Minstrel Banjo

For enthusiasts of early banjo

I've been watching several tutorials about Clawhammer since Mark Weems mentioned this. One thing is the concept of "down". Down in the right hand motion can be directed straight toward the head of the instrument. it can also be interpreted as aiming toward the floor. How do you all interpret this?

Another difference is watching the brush of clawhammer where the first finger and the thumb make contact with the string in a slight delay, whereas Stroke style has the finger and thumb making contact with the string at exactly the same time. 

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I agree with trapdoor- that a new thread would be ideal if we are going to specifically discuss the minstrel/stroke style tutor books' written definitions, as opposed to discussing clawhammer techniques as you seem to be asking about in your original post, Tim.

Let's go a bit further here and see if there is any interest in this.  

My original thread included this:

Another difference is watching the brush of clawhammer where the first finger and the thumb make contact with the string in a slight delay, whereas Stroke style has the finger and thumb making contact with the string at exactly the same time. 

I got this directly from the tutors.

I want to explore where it went...but also want to somehow ground this in a somewhat conclusive agreement about what the original motions were like.  

"...the brush of clawhammer where the first finger and the thumb make contact with the string in a slight delay,..."

Tim, sorry to be so dense, but yes I saw the video moment of Fink that you posted to clarify what you wrote above...I understand what she is doing in the video, but I still don't understand what you mean by your above statement, thus I cannot respond to your specifics.  I don't understand what your description is saying- it doesn't make sense to me and the video moment doesn't explain your description for me.  I don't know of any 'delay' and am not sure which string you are referring to when you say "the string".  

Also im confused when you say you "got this directly from the tutors"- yet the tutors didn't talk about clawammer vs stroke style.  Sorry, I know you mean something more specific but I'm not getting your message.

I mean that her first finger hits the strings first, and then her thumb does.

In Stroke, they are laid down at exactly the same time.

Strum, have you read those parts of the books?

And I know the tutors don't address Clawhammer, but many people speak as though they are one in the same.  

I was hoping to establish the small things that make them different, and also try to see how one became the other. 

Thus, her "down" goes towards the ground, and across the strings. That is why her first finger makes contact first, before the thumb. The tutors imply down is towards the head, making a Strike, or Combination  making contact with the finger and thumb at the same time.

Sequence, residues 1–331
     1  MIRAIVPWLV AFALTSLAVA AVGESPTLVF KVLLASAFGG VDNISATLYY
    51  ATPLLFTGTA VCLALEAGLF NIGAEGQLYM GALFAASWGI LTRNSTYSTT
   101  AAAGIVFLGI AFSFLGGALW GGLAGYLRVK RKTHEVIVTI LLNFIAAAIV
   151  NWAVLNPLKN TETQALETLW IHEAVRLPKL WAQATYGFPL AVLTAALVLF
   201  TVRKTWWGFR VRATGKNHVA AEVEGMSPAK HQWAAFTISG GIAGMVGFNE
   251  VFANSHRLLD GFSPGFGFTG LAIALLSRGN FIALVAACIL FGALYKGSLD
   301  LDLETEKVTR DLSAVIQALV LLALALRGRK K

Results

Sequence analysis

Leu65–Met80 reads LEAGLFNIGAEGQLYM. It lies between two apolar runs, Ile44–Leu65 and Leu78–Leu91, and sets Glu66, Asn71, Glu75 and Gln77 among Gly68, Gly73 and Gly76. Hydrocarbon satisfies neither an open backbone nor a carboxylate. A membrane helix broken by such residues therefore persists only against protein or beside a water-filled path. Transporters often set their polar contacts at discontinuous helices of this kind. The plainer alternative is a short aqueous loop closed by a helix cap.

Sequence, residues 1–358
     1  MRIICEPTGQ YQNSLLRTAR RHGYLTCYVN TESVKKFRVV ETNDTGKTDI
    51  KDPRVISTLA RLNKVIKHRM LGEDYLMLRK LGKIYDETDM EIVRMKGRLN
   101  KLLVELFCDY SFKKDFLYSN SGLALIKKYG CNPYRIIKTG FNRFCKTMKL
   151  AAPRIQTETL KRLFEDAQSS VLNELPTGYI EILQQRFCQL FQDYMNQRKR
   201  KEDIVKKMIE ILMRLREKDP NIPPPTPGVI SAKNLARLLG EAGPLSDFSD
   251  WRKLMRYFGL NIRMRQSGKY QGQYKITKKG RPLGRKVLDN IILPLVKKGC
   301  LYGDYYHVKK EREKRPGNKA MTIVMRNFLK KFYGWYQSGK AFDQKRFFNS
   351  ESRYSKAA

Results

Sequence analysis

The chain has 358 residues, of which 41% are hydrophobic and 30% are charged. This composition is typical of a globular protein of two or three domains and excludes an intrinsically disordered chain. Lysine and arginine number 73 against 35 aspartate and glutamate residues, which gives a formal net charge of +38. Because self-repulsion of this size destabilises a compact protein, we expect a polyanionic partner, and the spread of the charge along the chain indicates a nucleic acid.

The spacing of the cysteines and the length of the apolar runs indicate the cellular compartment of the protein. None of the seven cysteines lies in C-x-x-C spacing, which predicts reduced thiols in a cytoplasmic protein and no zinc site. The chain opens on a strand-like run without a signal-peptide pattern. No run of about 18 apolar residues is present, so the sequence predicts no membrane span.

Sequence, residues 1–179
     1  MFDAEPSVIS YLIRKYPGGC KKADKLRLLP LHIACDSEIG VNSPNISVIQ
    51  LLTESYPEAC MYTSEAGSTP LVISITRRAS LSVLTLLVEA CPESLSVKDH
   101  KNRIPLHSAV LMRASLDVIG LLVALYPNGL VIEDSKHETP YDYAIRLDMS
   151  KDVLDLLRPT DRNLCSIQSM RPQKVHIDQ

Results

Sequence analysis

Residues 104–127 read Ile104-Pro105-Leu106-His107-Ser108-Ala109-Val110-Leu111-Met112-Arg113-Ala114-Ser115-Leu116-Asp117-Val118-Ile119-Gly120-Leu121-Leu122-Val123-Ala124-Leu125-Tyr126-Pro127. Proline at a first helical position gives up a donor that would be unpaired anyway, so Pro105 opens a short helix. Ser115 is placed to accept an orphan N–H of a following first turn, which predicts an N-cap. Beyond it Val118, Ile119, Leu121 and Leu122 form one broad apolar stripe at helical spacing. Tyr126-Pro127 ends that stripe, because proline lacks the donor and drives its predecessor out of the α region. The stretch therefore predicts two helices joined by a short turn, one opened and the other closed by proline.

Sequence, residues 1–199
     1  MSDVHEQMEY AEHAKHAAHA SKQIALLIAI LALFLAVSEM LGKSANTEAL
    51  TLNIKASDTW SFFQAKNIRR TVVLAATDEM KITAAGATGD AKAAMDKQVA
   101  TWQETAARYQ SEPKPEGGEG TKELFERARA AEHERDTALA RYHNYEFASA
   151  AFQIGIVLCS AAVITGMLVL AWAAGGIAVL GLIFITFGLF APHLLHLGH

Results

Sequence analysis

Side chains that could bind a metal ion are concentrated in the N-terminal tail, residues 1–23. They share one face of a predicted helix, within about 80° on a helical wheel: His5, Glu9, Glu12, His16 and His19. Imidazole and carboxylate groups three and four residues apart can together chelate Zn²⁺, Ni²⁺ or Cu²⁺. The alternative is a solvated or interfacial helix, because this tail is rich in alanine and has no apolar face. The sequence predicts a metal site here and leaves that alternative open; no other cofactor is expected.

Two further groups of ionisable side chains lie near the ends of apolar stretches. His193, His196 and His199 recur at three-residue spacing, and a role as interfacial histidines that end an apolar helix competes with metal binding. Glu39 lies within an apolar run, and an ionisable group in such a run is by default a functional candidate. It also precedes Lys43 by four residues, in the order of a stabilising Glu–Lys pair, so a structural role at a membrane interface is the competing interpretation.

This, ( in my opinion ) is a small thing that changes the over "groove" and rhythmic drive of the styles.

You are talking about a BRUSH?  The thumb is not usually used for actually executing downward brush in clawhammer.   ?   In clawh, the fact that the thumb winds up sitting on the 5th string at the end of a brush is incidental, and not everyone does it.  It only winds up there (optionally, up to you) at the end of a brush in case you need it for a thumb note right after a brush, or for a location anchor.  This does not translate to a 'delay' of any kind, in my view.   Keep in mind that in her video clip, Kathy's thumb winding up pressing down on the thrumb string after the brush is not making any note at all- the thumb is merely coming to rest as an anchor point- the thumb makes NO SOUND or note during the actual 'brush'- it's not 'hitting the string'- more just coming to rest on it.

Timothy Twiss said:

I mean that her first finger hits the strings first, and then her thumb does.

In Stroke, they are laid down at exactly the same time.

She places importance upon this as a primary move in Clawhammer.

The Strike is the primary motion in Stroke style.

The thumb is not required to make a sound in Stroke either, as a Half-Strike is played.

The thumb comes to rest in both styles. 

Did you read the three excerpts Strum?

I was just reading the Briggs "Manner of Playing". I find the "strike and slide to" requirement to be very difficult to do beyond a very slow practice speed (depending on the tune, I can do it while playing very simple tunes like "Juba" that alternate between 1st and thumb)...and I think it was only meant to describe the motion from a 'minutiae' perspective. Once beyond that, tunes up to speed, etc., the players first finger usually is in a constant state of striking, getting out of the way or preparing to strike again.

And again, I don't like to bring my thumb to rest on the 5th, as I feel it is an unnecessary movement which requires a recovery movement (if that string isn't going to be played) and a preparatory staging movement for a thumb strike on another string.

I don't think it is a bad description...but I don't think it is meant to be used rigorously as "the one true way". As far as CH is concerned, it could easily be a basic description of CH. I often make students whack the head (as loud as they can) with their fingernail when playing the 1st string. Later, they learn to back off if they want to.

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